Slow withdrawal from Antarctica

New Zealanders and Americans are due to start returning from Antarctica this week but soft snow on the ice runway means more flights on smaller, ski-equipped aircraft will be used.

About 1100 researchers and support staff and 43 tonnes of cargo must be flown from New Zealand's Scott Base and the nearby US McMurdo Station to Christchurch as the Antarctic summer season ends.

The United States Air Force usually sends C-17 Globemaster aircraft, which can carry more than 120 people, to do the task.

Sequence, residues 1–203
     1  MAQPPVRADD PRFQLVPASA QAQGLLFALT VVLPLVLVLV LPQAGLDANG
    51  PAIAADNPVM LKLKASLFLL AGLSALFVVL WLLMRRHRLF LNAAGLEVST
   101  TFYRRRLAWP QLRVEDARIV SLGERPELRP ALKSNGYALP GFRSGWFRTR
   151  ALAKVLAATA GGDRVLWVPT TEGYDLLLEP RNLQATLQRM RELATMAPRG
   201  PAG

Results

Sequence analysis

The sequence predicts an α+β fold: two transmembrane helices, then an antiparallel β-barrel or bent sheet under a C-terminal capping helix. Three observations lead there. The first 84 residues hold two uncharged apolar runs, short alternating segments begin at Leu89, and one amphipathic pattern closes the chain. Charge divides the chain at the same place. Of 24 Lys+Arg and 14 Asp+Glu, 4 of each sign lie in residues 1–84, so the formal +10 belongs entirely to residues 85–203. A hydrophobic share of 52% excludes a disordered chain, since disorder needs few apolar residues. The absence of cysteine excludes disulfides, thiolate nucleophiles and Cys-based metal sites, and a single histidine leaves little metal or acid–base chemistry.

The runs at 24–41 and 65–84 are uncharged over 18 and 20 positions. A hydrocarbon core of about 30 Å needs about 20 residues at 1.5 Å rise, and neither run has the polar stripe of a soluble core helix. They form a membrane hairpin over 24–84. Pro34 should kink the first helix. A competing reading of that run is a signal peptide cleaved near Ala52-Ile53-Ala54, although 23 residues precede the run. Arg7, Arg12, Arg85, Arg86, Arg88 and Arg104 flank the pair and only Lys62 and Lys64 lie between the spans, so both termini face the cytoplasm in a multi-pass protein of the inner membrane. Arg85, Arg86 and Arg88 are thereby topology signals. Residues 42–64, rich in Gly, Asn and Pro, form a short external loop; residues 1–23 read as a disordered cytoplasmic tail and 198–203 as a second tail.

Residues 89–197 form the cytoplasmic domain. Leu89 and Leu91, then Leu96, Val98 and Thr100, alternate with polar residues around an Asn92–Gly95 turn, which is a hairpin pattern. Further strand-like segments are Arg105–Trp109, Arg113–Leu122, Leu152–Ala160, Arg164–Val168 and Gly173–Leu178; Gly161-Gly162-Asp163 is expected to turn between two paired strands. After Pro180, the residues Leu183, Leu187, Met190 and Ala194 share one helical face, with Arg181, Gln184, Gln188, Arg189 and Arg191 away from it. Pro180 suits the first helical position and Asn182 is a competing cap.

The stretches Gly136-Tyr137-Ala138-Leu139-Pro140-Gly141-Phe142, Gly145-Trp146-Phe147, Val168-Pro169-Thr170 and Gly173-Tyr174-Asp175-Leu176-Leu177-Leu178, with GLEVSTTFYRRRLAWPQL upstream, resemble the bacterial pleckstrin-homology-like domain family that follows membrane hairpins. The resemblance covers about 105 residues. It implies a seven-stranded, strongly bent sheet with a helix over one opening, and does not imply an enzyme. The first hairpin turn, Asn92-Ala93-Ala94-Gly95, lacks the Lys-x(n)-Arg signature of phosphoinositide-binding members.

"This year, however, the snow and ice runway the big jets, and other non-ski aircraft, use to land on is too soft to support their weight," the USAF said in a statement.

Instead, seven ski-equipped LC-130 turboprop aircraft will be used. They can only carry up to 40 people on each flight and take longer to make the 3800km journey.

Last year, volcanic dust and dirt blanketed the airfield. The dirty snow and ice melted rapidly, causing similar problems for the C-17.

Colonel Shawn Clouthier, the commander of New York National Guard's 10th Airlift Wing, said 284 missions would be flown this summer, a 57 per cent increase in workload.